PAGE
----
TOKYO — The old temple-shaped building with its sweeping tile roof is gone from the capital's Shirogane district now, torn down and replaced by a Western-style, multi-story structure that also houses apartments, a coffee shop and a convenience store.
The Horaiyu public bathhouse is still there--it's just a little tougher to spot now that it's limited to the subbasement, beneath the coffee shop.
Things have changed inside the bathhouse, or "sento," too. (The word, literally, means "cash for hot water.")
There's no more free soap, for example. A customer has to bring his own, or buy it from one of the vending machines that also dispense towels, razors and underwear. Instead of the old plastic baskets, there are now rows of lockers for storing clothes. And a bather can now wash his laundry in one of the coin-operated machines that are provided while he is washing himself in the tiled bathing area.
There are only enough water spigots for 26 bathers at a time now--less than half what the spacious old bathhouse offered. But there is a separate waiting room complete with television. And in another concession to modernity, the cashier now sits in the waiting room also, instead of in the more traditional perch atop a dais, with a view of both the men's and women's sections of the baths.
"The cashier used to be a special characteristic of a sento," said Shigeki Fujita, adviser to the Tokyo Public Bathing Environment Sanitary Enterprise Union, a guild of bathhouse owners. "He or she would greet the customers and exchange a few pleasantries. It created an atmosphere of warmth and friendliness. But young people don't like to be looked at (naked)."
As Fujita's comments and the scene at the Horaiyu suggests, times are changing for one of Japan's more enduring institutions.
Not so long ago more than half the people who live in Tokyo patronized its public bathhouses, which first sprang up in the 16th Century. A traditional Japanese love of bathing and a penchant for cleanliness helped business. Bathing remains a favorite national pastime, particularly at the more than 1,000 "onsen" (hot springs) resorts where aficionados indulge themselves two and three times a day.
Nevertheless, business is now on a steady decline, with many owners struggling to stay afloat despite government subsidies.
There is more competition from "coin shower" shops offering a three-minute dousing for 100 yen (67 cents) compared with the standard 310 yen ($2.06) adult price for a visit to a bathhouse. The shower shops also offer private booths and are open 24 hours a day compared with the eight-hours-a-day sento.
Most devastating, however, has been something much more basic: the spread of the home bathtub.
When the number of bathhouses in Tokyo peaked at 2,687 in December, 1968, about half of the living units in Tokyo had no bathtub. Now, 83% of the capital's housing is equipped with baths.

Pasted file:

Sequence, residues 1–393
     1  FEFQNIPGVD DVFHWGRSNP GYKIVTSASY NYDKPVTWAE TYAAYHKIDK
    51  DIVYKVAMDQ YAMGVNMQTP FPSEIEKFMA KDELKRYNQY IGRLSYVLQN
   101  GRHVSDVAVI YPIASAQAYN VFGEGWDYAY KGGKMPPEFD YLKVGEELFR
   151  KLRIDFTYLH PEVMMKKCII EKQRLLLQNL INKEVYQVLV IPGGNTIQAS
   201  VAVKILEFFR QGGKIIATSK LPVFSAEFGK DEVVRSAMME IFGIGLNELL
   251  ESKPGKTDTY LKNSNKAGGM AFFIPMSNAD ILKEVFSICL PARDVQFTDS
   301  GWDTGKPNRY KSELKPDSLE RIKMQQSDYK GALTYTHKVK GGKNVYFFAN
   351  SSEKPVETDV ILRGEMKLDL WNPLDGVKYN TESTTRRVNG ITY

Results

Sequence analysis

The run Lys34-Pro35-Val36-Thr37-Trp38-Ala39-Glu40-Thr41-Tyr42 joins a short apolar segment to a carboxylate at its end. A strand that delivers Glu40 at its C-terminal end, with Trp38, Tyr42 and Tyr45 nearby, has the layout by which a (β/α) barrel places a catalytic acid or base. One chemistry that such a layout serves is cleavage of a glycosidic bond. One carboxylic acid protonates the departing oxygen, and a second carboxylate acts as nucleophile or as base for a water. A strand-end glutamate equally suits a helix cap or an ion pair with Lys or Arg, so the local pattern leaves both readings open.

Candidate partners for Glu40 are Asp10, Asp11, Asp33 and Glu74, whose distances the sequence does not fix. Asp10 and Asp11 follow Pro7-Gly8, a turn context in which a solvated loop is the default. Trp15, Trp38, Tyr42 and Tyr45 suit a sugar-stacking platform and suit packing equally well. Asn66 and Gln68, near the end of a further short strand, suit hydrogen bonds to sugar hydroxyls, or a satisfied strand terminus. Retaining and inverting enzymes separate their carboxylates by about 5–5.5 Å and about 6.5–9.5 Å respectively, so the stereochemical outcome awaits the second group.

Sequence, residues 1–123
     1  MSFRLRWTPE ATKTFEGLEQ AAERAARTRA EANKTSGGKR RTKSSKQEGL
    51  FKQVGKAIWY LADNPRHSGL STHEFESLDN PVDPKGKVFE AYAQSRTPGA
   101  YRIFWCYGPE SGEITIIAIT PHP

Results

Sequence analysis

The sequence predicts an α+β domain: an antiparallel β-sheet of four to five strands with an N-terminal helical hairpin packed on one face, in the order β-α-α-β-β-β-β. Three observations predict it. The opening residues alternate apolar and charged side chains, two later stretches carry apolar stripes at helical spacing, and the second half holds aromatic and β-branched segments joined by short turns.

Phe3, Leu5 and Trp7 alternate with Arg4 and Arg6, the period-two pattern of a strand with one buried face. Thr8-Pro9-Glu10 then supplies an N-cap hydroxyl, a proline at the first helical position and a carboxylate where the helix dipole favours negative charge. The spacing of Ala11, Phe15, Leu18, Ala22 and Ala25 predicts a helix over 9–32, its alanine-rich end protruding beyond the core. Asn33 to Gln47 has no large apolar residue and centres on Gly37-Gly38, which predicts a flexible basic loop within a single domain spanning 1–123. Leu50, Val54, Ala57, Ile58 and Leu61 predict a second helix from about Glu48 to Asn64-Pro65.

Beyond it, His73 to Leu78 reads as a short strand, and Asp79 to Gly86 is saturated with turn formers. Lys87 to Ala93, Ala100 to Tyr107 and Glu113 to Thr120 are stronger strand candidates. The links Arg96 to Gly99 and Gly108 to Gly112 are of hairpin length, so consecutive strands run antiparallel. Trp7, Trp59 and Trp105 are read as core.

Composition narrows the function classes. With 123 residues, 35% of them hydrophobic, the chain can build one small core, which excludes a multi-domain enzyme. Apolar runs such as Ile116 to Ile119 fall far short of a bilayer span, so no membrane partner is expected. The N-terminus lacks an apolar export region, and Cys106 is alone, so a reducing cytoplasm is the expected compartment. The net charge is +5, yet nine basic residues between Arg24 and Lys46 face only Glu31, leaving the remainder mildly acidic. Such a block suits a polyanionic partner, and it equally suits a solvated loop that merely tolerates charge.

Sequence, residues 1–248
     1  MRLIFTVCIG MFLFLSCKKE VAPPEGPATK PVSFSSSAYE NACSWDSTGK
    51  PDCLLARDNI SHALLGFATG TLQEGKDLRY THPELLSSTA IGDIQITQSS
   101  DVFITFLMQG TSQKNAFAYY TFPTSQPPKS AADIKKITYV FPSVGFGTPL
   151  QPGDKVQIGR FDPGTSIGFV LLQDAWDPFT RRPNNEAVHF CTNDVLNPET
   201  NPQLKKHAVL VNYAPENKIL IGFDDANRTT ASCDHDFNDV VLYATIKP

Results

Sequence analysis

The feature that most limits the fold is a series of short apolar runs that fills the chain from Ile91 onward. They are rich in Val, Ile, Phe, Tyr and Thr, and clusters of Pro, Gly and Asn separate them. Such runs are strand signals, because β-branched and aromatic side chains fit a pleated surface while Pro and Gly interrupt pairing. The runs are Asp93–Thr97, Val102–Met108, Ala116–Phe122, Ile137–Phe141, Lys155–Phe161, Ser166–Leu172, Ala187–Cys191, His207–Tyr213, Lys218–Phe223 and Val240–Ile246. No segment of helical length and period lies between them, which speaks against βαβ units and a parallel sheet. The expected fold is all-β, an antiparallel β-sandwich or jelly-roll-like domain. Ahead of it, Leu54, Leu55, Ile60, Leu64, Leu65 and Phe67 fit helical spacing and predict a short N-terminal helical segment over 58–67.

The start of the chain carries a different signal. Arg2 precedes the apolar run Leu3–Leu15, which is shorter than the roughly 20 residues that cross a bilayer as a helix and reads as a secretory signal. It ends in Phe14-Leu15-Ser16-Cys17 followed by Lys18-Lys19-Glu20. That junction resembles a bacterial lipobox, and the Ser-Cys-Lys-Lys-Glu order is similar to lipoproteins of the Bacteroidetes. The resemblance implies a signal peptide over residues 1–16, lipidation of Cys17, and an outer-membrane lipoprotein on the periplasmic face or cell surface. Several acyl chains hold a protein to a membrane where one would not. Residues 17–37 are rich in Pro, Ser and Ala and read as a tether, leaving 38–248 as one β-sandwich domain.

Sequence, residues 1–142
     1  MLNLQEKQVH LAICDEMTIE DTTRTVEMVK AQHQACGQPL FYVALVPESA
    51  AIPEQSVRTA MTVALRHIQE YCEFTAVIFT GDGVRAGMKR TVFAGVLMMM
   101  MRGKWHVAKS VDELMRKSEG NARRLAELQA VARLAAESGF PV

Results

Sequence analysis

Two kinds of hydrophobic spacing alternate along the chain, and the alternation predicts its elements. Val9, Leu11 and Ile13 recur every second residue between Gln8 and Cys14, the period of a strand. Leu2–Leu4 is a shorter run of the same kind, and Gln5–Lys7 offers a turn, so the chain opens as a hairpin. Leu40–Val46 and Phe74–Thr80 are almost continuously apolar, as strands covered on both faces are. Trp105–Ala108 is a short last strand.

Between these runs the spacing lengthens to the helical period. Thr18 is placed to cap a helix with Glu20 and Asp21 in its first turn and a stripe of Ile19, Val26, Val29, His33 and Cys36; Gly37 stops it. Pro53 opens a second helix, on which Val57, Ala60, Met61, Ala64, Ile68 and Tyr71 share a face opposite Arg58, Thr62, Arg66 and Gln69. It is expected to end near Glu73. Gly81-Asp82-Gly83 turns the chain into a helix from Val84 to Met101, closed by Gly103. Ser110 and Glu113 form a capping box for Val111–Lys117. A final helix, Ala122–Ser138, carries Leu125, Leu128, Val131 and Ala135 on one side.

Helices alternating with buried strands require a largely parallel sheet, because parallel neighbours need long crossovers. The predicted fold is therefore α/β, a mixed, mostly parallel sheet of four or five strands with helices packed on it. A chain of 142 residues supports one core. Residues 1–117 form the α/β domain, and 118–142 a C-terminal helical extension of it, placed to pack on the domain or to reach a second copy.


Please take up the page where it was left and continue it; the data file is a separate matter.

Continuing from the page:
Only 452,000 of the city's 11.9 million residents now use the public baths on an average day compared with nearly 1.1 million who used them daily as recently as 1975.
By the end of last year, the number of sento in the capital had dwindled to 1,978. Sixty-five more have disappeared just since the beginning of this year, Fujita said, and he predicted that the number will continue to dwindle down to about 1,500.
There remain public bathhouses in even some of Tokyo's wealthiest sections. Chiyoda Ward, where most major banks are located, is home to seven sento, for example. And Minato Ward, a high-rent district favored by the foreign business community, hosts 18.
But Fujita said that even to retain 1,500 bathhouses in the capital will require operators to start providing new "value-added" services to attract more customers who have baths at home. At present, such customers account for about one-fourth of the people who use bathhouses, but they come only once a week, according to Fujita.
Labor costs long ago wiped out such bathhouse luxuries as "sansuke"--men who would wash men's or women's backs as well as women's hair. At Horaiyu, gone also are the women attendants who used to roam around the men's dressing room putting things in order--much to the embarrassment of first-time visitors.
Neither was the old tradition that bathhouses serve as social centers for conversation evident at Horaiyu during a recent visit. No one spoke a word. Most of the customers were in their 20s.
Bathers sat on tiny, 5-inch-tall stools, soaping themselves in front of individual mirrors and sets of hot and cold water spigots. Each had a plastic bucket available for rinsing. Small drainage canals in the floor carry away suds and water.
The custom is to wash first, then relax in one of two tiled pools of hot water (a minimum of 108 degrees Fahrenheit by government regulation)--although many bathers seem to do it the other way around.